At the federal level, health care legislation appears to be stalled. Republicans can’t agree on what they want to do while Democrats also don’t agree — and even if they did, they have no power to enact anything. Several state governments, however, have been trying their hand at significant health policy innovation.
In Nevada, both chambers of the state legislature recently passed a bill that would allow any resident to buy into the state’s Medicaid program. Termed the Nevada Care Plan, the measure’s original author, Democratic Assemblyman Mike Sprinkle, intends for his bill to sidestep the GOP’s efforts at the federal level to roll back Medicaid.
“Imagine a Medicaid expansion that could provide coverage to all Nevadans. One that would give every Nevadan an opportunity to purchase a plan with Medicaid-like benefits on the insurance market,” Sprinkle wrote in a May 30 editorial promoting his measure. “An expansion that would create more options for patients in counties where they currently only have one option for health insurance — putting control back in patients’ hands.”
Under the Nevada Care Plan, anyone, including people receiving federal subsidies for health care, could purchase a Medicaid insurance plan. Such plans would be included in the state’s health care exchange website, competing with private companies’ offerings.
It’s an interesting proposal and one likely to prove influential, even if the state’s Republican governor, Brian Sandoval, decides not to sign it.
However, despite his “R” label, there is some possibility that Sandoval may actually approve the bill. As New York Magazine's Ed Kilgore notes, the governor has been one of a few Republicans who has strongly supported the Medicaid expansion of Obamacare. And according to the Reno Gazette-Journal, Sandoval strongly opposes the American Health Care Act that recently passed out of the U.S. House of Representatives.
But Nevada isn’t the only state trying to take a different approach to expand health insurance coverage. Earlier this month, California’s state senate approved a preliminary measure that would provide health insurance to all residents at an estimated $400 billion tab.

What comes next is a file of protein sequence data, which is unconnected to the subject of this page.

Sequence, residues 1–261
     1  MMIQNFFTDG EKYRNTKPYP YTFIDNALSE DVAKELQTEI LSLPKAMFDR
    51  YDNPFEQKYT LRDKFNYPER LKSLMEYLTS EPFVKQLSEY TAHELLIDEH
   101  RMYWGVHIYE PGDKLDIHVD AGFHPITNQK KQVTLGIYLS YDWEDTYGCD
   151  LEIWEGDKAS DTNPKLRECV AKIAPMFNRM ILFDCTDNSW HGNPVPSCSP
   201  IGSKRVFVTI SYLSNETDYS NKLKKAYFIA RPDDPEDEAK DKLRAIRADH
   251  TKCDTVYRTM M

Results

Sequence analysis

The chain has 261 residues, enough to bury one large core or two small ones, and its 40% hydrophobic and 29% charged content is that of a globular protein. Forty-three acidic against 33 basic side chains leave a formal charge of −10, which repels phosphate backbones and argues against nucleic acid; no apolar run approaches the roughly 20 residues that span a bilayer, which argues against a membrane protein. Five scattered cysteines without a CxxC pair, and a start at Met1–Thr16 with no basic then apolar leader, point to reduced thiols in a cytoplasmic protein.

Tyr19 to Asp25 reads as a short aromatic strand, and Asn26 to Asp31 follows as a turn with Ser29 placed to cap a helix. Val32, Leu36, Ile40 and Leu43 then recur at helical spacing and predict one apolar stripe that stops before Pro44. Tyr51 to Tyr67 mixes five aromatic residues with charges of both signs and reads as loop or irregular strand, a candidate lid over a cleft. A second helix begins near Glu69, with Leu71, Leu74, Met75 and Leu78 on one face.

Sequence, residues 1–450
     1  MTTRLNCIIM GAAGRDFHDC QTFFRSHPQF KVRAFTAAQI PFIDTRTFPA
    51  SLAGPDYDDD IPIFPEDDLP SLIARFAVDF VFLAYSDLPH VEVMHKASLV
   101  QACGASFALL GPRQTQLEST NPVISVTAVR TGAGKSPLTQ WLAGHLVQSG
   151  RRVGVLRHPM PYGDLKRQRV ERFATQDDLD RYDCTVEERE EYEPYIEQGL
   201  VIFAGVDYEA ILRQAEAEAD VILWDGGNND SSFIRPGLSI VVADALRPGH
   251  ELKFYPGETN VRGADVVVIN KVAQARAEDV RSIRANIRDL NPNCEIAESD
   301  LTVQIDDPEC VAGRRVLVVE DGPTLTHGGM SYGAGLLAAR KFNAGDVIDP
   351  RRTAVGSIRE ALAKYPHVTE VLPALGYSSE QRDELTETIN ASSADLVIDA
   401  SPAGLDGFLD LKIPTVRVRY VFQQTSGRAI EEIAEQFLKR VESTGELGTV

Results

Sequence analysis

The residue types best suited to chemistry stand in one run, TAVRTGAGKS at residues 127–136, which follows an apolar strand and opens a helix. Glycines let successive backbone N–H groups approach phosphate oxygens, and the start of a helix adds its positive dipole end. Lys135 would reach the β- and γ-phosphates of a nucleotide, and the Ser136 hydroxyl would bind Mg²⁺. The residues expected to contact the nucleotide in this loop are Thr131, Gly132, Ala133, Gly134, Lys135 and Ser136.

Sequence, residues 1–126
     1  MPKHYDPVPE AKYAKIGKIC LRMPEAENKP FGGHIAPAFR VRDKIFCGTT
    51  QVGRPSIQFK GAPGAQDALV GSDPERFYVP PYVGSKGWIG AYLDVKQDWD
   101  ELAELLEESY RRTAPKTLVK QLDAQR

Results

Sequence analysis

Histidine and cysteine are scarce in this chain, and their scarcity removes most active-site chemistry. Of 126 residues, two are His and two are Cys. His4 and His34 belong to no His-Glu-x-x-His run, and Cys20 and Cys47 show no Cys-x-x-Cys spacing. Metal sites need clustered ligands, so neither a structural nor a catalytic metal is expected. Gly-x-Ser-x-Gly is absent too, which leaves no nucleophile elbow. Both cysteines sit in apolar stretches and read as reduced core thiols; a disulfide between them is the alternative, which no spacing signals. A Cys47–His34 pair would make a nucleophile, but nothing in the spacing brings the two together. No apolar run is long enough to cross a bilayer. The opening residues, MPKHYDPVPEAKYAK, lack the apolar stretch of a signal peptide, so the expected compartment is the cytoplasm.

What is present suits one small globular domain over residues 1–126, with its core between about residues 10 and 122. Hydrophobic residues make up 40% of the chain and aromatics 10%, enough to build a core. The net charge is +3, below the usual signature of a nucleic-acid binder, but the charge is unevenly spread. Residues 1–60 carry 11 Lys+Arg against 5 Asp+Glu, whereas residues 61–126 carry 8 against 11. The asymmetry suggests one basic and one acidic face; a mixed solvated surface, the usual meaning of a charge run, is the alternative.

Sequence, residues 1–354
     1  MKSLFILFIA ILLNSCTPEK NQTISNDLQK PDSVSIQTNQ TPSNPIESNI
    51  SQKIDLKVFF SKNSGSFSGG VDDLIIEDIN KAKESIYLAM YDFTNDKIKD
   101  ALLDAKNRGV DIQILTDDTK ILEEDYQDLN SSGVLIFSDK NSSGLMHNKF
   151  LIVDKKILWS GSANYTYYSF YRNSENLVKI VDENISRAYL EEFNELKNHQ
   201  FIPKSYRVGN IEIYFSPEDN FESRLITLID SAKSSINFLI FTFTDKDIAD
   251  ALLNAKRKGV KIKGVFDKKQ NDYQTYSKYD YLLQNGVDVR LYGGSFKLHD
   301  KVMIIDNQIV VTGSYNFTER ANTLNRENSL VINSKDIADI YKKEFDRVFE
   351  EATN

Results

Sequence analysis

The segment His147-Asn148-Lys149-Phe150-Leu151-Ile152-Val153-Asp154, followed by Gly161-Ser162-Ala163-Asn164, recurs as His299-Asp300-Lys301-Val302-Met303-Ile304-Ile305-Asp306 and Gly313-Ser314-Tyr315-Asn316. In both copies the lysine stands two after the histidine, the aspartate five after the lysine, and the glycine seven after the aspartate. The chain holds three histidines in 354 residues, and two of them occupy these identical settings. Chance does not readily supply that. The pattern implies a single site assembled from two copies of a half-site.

The bill did not include any provisions on how to pay for the cost, however, and it was strongly opposed by California Republicans.
“We don’t have the money to pay for it,” state senator Tom Berryhill told the Los Angeles Times. “If we cut every single program and expense from the state budget and redirected that money to this bill, SB 562, we wouldn’t even cover half of the $400-billion price tag.”
Conservatives are raising similar doubts about a New York proposal which proponents have said would cost little more since a move to universal health care would eliminate tens of millions of dollars in profit-skimming from multiple companies trying to get their cut from the money the state already spends on medical care.
“We are a large state. To the extent that there are benefits from economies of scale, we have that,” Richard Gottfried, the bill’s primary sponsor in the state assembly told Salon last month.
“We are also a state that has a tremendous concentration of wealth. While there are certainly a lot of poor people in New York, there are also a lot of wealthy people. So our ability to fund a program with a lighter burden on working people is partly because of the substantial number of upper-income New Yorkers.”
The Empire State has also attracted attention for a policy announced by Governor Andrew Cuomo which would prohibit health care providers who withdraw from the local health care exchange markets from receiving Medicaid monies from New York.
But cost concerns are ultimately what doomed an earlier effort in Vermont to provide health insurance to all state residents.
And while observers will be watching what happens in California and New York, it may be Nevada's Medicaid expansion which proves most influential since it is likely to have lower costs while also greatly expanding access to health care.